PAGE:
Even non-tech companies should expect thorough cyber diligence in an M&A process

The focus on cyber diligence in M&A processes has increased tremendously over the past 10 years. As cyber threats continue to evolve and the value of data increases, organizations recognize how vulnerabilities in an acquired company’s IT systems can impact their return on investment, regardless of the type of business being bought.

“It’s important to recognize that acquirers aren’t just scrutinizing tech or tech-enabled companies’ IT systems,” says Carly Devlin, a Shareholder with Clark Schaefer Consulting. “They’re looking at it in all businesses because they all have a cyber footprint and exposures. So, they’ll do cyber diligence to understand their risk.”

Smart Business spoke with Devlin about cyber diligence and how sellers can prepare for it ahead of a process.

What are buyers looking for within a seller’s cyber footprint?

Sellers should be prepared for buyers to look at all aspects of their IT and digital footprint. Buyers will want to understand any products and services that are currently utilized or offered and how they support the current business. This might include looking at technical specifications, studies, demonstrations of the actual technology and technology roadmaps.

Buyers will want to understand the IT systems environment and the architecture, which would include the current software and hardware inventory. They would want to assess the IT function as a whole for effectiveness, sustainability and potential for integration with other services.

Buyers would also want to understand the management of the IT function — the employee structure, the processes that support the technology, the qualifications and roles of employees and potentially contractors, how the department is structured, any vendors and third parties that are being relied on, and then the associated cost of all of that.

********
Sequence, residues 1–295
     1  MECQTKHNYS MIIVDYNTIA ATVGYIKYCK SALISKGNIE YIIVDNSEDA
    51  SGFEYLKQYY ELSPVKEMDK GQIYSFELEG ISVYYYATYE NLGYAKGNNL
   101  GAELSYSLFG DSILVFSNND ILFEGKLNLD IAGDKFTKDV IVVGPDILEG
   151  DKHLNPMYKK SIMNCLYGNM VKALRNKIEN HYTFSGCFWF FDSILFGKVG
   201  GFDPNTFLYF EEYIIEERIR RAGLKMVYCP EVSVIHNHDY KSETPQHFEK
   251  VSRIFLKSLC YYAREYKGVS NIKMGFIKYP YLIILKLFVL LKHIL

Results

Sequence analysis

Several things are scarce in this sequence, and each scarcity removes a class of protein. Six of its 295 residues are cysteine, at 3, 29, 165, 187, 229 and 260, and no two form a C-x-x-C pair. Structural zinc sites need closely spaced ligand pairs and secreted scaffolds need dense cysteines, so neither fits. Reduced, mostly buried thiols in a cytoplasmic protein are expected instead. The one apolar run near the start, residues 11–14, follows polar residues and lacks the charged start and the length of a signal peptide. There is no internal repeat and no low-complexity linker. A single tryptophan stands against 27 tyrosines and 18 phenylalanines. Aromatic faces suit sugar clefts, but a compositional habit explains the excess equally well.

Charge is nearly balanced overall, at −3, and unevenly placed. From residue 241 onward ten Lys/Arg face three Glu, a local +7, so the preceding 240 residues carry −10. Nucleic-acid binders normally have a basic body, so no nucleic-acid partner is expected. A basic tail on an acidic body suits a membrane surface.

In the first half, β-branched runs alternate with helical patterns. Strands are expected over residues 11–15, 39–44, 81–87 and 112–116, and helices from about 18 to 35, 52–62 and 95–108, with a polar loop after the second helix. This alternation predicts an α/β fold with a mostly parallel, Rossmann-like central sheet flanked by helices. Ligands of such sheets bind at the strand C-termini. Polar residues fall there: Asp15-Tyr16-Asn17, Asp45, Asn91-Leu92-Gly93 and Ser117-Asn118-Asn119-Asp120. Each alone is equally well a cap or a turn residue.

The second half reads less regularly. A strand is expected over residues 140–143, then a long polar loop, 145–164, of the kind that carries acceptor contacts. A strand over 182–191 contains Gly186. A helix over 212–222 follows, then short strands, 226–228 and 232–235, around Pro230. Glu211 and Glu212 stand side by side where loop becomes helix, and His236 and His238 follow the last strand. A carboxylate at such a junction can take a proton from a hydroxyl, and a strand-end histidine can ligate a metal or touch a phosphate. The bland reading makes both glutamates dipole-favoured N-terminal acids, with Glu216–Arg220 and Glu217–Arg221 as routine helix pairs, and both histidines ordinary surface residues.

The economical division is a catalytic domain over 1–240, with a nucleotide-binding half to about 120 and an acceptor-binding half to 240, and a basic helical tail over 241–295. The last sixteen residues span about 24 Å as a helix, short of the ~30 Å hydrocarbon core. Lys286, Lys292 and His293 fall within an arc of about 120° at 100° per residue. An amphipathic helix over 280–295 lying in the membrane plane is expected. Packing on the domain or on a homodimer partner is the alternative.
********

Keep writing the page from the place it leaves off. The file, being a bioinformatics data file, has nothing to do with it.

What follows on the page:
The system’s cybersecurity is also important. Buyers will want to look at governance, regulatory compliance, risk management, specific security domains such as identity management, awareness and training, data protection, and also response and recovery procedures.

What are the red flags that could sink a deal?

One major red flag is if an organization isn’t conducting periodic vulnerability assessments. That suggests a lack of awareness of the technical gaps in their network and that could lead to a major security incident. If there is no risk management occurring at all, the company likely has no idea what their unmitigated risks are and can’t act on them, so there’s likely risk for the buyer.

Policies and procedures are the foundation of any sound security program and buyers will want to see them. Without that in place, there’s nothing governing what an organization is doing from a technology perspective, which signals to a buyer that there’s potentially a lot of other issues.

How can sellers prepare for cyber diligence?

The first step is conducting a risk assessment to identify all the applicable threats and risks related to IT and cybersecurity, and the controls in place to mitigate those risks. It paints a picture of the environment so that the company can prioritize IT and cybersecurity initiatives and take a risk-based approach to remediation. Sellers should also make sure they’re in compliance with applicable regulatory requirements and conduct their own vulnerability scanning to identify any major gaps in the environment.

If the organization has a risk management function, an internal audit function or a strong security group that has a governance, risk and compliance focus, they likely have the in-house expertise to do an assessment. Most companies, however, get help from the outside.

Internal reviews should be done at least six months ahead of taking the company to market. That should give the organization enough time to conduct an assessment and remediate issues.

IT and cyber diligence are only going to become a larger part of the diligence process as organizations continue to rely heavily on technology and data to gain a competitive advantage. The more prepared a seller can be for that diligence, the more likely they are to maximize their company’s value in a sale. ●

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Carly Devlin



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